Jeff Jarvis makes an impassioned case against building the proposed International Freedom Center at the site of the World Trade Center. (He’s not the only one.)

Jarvis picks up on the Freedom Center backers’ own description of what will go on there: “an array of evening lectures, symposia, discussions, and special events that will be designed to help people engage more thoroughly with the IFC’s exhibits. This programming is being crafted in response to the LMDC’s directive that all cultural institutions at Ground Zero ‘conduct forums drawing from cultural and academic resources in the region, building an identity for the World Trade Center site as a place of inquiry and discussion.’ ”

And he asks:

OK, so when Ward Churchill is invited by one of the universities to speak here, what do you do? Do you put him on a black list? How consistent with your principles is that? And that, ladies and gentlemen, is precisely the no-win position you are demanding to be in.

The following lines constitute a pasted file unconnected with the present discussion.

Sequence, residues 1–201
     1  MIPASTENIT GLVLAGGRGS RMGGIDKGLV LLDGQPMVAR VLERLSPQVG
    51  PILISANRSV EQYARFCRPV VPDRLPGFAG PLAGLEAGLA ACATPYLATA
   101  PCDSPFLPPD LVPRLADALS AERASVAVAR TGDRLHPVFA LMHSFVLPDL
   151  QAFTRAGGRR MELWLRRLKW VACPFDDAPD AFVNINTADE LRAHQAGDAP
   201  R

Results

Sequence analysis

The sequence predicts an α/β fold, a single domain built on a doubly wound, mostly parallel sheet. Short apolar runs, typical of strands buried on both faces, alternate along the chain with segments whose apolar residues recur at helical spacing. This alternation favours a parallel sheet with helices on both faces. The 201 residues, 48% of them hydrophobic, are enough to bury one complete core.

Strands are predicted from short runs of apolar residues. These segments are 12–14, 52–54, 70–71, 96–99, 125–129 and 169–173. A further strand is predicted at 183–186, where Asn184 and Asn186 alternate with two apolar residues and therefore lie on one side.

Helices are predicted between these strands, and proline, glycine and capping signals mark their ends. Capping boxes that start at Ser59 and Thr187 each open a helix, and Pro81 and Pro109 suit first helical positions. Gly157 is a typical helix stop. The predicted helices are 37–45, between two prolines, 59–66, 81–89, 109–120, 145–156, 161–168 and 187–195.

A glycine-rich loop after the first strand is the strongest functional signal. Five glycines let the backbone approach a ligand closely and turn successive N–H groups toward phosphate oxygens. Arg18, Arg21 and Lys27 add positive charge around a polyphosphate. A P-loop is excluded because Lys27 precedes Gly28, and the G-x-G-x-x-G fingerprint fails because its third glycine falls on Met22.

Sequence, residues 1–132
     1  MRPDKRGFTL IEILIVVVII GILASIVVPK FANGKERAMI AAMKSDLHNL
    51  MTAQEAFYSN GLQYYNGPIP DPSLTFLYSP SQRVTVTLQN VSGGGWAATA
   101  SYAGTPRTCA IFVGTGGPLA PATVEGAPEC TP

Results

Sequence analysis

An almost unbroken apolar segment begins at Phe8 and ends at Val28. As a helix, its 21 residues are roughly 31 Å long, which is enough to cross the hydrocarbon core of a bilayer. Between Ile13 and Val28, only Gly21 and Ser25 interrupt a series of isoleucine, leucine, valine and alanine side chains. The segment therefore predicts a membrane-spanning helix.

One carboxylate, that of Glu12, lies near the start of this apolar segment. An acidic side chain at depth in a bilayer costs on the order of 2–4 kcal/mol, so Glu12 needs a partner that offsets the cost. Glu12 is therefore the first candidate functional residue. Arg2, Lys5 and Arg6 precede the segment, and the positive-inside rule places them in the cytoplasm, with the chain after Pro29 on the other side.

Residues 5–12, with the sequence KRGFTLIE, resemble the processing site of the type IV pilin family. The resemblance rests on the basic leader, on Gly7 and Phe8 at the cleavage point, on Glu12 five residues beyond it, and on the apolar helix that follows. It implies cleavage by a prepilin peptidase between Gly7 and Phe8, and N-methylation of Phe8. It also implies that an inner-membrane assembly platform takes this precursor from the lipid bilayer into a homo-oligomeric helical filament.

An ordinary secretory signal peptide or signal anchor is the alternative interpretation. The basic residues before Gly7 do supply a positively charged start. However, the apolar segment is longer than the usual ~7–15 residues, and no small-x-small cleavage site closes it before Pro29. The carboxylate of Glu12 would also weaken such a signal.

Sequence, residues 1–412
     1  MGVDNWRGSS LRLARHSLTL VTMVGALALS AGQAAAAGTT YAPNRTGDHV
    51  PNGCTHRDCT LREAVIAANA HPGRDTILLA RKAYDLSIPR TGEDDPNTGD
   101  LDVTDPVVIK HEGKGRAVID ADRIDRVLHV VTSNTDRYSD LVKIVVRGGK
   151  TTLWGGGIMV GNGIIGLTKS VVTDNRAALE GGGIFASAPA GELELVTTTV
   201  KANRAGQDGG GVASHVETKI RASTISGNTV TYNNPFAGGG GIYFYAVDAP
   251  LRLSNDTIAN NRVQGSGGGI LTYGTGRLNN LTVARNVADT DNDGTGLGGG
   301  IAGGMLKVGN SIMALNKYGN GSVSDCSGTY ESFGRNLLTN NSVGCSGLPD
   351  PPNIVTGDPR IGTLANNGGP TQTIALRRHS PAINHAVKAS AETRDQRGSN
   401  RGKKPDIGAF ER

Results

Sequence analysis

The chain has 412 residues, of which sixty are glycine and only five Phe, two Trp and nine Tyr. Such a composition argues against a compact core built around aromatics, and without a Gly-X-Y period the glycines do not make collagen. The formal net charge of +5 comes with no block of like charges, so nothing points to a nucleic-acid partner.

His conclusion is simple.

Once again, I’ll emphasize that I do not object to anyone building a freedom center to explain and explore the issues this center proposes. But not atop the memorial to the dead of September 11th. Not here. Not now.

There’s an unspoken element in this debate, I think. It’s the tacit acceptance that a celebration of freedom around the world and throughout history also could be, in places, negative about America. Our nation hasn’t always been on the right side in that historical struggle.

The German theologian Reinhold Niebuhr noted a paradox 50 years ago: America cannot at the same time project its world power and maintain the fiction that it is entirely an innocent, virtuous nation.

The vindictive left, of course, presents history as though America never is on the right side. But I hope the optimists and believers-in-America, among whom I number myself (and Jeff Jarvis) are mature enough to defend the real ideals and virtues of our nation without getting lost in a red, white and blue rhetoric of patriotic fantasy that the country always has been right.

And while there’s a place in this big land for an International Freedom Center that explores that sort of complexity and philosophy, the empty space at 23rd and Chambers in Lower Manhattan isn’t it.

Politics International Freedom Center